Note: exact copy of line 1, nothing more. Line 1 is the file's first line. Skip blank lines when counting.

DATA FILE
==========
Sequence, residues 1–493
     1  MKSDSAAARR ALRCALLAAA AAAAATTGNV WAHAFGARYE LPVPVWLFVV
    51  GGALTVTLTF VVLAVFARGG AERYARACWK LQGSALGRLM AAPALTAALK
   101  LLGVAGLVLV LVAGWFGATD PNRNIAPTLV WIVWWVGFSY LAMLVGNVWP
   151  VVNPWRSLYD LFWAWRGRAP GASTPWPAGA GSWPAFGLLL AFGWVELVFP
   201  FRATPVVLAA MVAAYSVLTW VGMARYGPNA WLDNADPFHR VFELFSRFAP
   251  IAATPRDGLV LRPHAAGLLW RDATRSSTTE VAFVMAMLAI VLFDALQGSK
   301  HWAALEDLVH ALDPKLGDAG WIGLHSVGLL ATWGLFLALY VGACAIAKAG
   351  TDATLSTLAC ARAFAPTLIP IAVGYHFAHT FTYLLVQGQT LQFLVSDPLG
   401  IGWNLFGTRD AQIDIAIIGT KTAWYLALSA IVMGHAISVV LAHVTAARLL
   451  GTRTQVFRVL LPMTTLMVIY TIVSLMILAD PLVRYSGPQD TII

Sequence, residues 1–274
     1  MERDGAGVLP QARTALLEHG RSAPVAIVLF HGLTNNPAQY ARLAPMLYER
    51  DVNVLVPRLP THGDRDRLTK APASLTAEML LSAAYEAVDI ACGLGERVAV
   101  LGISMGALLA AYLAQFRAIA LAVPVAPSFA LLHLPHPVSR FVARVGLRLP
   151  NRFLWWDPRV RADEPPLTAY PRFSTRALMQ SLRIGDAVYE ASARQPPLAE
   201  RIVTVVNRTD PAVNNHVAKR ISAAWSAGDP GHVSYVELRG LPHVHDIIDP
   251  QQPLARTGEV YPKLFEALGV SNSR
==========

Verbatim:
Sequence, residues 1–493